Your catcalls aren’t compliments, they’re harassment

Your catcalls aren’t compliments, they’re harassment

Why street harassment is a human rights issue

The term “catcalling” is a misnomer. It is not catcalling; it is street harassment. Street harassment is often sexual in nature and is a form of gender violence and a human rights violation.

The act of street harassment is not unique to women; it can be directed at someone’s sexuality, gender expression, race, religion, and more.

Women and members of the LGBTQ+ community do, however, report the greatest frequency of harassment. According to a 2014 study, 80 per cent of Canadian women polled reported experiencing street harassment. Some women reported experiencing sexual harassment at as young as ten years old.

Of the women polled, 45 per cent reported feeling unsafe walking at night compared to 27 per cent of men. Women report having to plan their routes home well ahead of time, will often carry some form of self-defence apparatus, and have various strategies and plans to avoid danger (such as calling a friend, having an alarm, or using an app to alert contacts of danger).

Harassing women is not a compliment, it is an exercise of control and power over another person and is often a result of societal discrimination.

While blanket statements are usually dangerous, it can be said confidently that most people do not enjoy being catcalled and wish it would stop.

Street harassment can make the recipient feel objectified, embarrassed, and even threatened. Being street harassed is not a compliment, it isn’t wanted, and it is entirely inappropriate.

Everyone, regardless of what they look like or who they are, deserves the simple dignity of being able to walk down the street without a running commentary. The fact that most of the time that commentary is overtly sexual and coming from a stranger who is larger than you can make for a pretty uncomfortable, if not scary, scenario.

Street harassment is a human rights issue because it limits an individual’s ability to operate in public space.  

While men and other members of a privileged group can also be harassed these instances cannot be held as equal due to the power imbalance presupposed by binaries, by the frequency of those events, and the underlying threat of rape when men harass women or other minorities.

Furthermore, in the case of sex-based harassment, many men believe catcalling to be complimentary. Women (while generalizing in cases such as these is problematic, for the sake of brevity, we will assume the majority of victims to be female-identifying) are assumed to be stuck up, lying, or playing hard to get if they claim to dislike being harassed.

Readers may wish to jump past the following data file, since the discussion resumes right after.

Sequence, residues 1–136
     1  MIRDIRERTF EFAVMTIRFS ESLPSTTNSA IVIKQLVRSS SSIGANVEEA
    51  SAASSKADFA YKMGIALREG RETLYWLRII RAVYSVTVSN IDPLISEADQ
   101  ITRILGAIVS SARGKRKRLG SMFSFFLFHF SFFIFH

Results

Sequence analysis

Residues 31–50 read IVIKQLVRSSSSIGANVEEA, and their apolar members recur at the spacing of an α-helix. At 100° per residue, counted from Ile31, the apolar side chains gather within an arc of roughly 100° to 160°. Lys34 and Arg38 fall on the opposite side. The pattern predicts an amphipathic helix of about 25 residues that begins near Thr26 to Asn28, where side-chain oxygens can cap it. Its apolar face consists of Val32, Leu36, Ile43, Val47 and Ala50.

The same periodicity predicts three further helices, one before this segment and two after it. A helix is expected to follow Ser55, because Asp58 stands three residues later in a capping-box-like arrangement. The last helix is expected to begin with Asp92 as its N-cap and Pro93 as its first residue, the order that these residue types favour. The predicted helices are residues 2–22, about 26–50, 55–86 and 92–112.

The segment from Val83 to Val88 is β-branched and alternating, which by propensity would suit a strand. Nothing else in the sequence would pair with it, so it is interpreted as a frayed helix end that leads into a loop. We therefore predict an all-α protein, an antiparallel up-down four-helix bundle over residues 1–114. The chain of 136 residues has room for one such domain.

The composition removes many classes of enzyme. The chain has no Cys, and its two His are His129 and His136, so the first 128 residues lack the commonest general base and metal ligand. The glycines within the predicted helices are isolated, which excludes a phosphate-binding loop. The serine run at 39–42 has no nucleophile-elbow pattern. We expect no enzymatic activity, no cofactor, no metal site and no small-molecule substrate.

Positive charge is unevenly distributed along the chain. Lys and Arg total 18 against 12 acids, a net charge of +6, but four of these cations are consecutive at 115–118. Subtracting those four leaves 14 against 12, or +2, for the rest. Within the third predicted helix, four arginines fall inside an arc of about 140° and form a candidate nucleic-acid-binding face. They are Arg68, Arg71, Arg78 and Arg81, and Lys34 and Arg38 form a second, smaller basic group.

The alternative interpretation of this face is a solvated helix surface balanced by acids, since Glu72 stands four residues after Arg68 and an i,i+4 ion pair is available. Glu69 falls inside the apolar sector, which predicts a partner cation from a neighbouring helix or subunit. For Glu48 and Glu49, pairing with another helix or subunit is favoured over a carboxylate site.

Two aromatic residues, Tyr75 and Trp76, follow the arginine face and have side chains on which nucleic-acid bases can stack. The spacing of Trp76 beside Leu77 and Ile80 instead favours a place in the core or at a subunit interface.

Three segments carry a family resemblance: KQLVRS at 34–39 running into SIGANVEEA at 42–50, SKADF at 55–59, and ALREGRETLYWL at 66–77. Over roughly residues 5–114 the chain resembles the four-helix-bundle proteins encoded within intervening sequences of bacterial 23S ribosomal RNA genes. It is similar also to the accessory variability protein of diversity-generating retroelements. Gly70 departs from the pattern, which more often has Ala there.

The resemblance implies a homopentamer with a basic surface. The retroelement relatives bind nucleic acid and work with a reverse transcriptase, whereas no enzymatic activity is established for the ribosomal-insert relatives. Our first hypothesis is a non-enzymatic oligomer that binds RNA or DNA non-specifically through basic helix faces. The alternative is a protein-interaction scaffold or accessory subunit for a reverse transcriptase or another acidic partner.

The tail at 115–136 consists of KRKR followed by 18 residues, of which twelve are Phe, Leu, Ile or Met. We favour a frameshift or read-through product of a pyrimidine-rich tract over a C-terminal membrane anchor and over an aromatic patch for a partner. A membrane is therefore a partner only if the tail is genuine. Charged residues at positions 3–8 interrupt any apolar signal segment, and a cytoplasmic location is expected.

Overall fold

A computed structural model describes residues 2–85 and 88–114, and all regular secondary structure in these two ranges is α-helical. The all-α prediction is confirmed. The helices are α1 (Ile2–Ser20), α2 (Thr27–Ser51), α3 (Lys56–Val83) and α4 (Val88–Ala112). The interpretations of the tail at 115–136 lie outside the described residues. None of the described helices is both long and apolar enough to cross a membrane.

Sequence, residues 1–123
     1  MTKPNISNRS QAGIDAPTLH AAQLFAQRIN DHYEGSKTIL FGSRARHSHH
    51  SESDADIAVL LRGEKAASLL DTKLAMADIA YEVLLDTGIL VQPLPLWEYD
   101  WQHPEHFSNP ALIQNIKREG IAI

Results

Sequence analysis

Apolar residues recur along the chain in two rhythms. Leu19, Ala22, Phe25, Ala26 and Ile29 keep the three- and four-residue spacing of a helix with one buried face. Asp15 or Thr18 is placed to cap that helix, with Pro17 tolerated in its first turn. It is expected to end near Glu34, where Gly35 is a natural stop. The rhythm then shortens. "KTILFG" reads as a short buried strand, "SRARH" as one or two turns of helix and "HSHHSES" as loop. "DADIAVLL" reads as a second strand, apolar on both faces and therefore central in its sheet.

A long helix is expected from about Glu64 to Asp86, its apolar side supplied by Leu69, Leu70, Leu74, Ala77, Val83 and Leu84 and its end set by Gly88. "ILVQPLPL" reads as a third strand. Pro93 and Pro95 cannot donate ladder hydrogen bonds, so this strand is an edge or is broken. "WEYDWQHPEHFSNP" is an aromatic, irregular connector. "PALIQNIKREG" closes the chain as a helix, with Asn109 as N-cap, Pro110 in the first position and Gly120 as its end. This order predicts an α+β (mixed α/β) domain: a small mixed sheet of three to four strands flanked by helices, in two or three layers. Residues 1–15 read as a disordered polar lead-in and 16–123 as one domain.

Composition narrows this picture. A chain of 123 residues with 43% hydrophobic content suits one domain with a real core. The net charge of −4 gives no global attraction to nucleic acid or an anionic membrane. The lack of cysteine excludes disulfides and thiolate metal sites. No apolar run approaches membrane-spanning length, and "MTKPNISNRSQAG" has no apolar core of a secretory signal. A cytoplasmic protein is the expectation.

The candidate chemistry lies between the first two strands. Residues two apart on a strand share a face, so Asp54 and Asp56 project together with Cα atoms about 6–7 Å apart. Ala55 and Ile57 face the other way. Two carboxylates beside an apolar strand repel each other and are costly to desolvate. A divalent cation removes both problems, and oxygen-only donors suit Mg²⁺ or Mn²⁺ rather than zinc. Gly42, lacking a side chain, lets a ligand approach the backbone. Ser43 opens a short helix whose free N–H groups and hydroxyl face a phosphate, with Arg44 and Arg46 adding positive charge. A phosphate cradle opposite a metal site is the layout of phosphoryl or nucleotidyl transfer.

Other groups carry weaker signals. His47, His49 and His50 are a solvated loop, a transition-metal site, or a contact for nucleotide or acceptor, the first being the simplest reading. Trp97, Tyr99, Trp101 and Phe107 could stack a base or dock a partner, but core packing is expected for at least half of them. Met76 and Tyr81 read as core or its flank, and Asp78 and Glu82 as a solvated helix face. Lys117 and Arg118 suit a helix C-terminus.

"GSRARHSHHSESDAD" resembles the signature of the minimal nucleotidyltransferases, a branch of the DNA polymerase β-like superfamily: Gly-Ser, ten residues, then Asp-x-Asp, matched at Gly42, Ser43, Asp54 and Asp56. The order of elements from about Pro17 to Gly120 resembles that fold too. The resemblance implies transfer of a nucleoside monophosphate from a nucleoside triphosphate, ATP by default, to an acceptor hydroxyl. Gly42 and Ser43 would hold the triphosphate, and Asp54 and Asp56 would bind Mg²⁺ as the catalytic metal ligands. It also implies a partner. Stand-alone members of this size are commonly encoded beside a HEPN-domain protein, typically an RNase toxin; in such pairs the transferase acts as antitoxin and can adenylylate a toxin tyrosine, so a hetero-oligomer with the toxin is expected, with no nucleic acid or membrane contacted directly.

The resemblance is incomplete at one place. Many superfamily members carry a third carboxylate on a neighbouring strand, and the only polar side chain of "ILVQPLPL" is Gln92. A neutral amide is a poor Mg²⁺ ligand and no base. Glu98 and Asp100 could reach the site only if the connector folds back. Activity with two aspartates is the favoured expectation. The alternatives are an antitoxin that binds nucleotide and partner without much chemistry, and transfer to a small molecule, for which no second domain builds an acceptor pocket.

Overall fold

There is an element of victim-blaming in cases of street harassment. When an individual comes forward with an experience of street harassment, often the reply is something along the lines of “You shouldn’t have dressed that way” or “What did you expect, looking like that?”

The act of catcalling reinforces the idea that a woman’s worth is based on her looks.

Those who catcall are reducing a woman down to her skirt or her body rather than the complete tumult of who she is as a person.

Everyone, especially members of marginalized groups, deserves to walk down the street without comment from others, whether “well-intentioned” or not.

Photo by Alora Griffiths/The Ontarion.


  • Sue Fitzgerald September 1, 2017 1:19 pm

    I read this article about catcalls and was so turned off that I couldn’t finish reading it. Who still refers to someone who does something unpleasant as a “douchebag”? Why is it still acceptable to label a person with the same term as an item that is used to clean a vagina and therefore makes a direct connection between a “dirty” vagina that needs to be cleaned and a bad person? The term “douchebag” is derogatory and no longer belongs in our awareness heightened society. I am extremely disappointed in both the writer/photo credit and the people responsible for publication. Clean up your act!

    • Mirali Almaula September 6, 2017 11:47 am

      Hi Sue,
      The term douchebag is used frequently by students who are in our target demographic. In that context it means “an obnoxious or contemptible person (typically used of a man)” – a definition taken from Google. We also interpret the more historical definition of the term to mean a device that was unnecessarily forced on women by men — we see a similarity between this device and catcalling. We see the connection between the device and a bad person and not between a vagina and a bad person. We are sorry that you were put off from reading the whole article as we believe it is an accessible piece on power relations in a patriarchal society.

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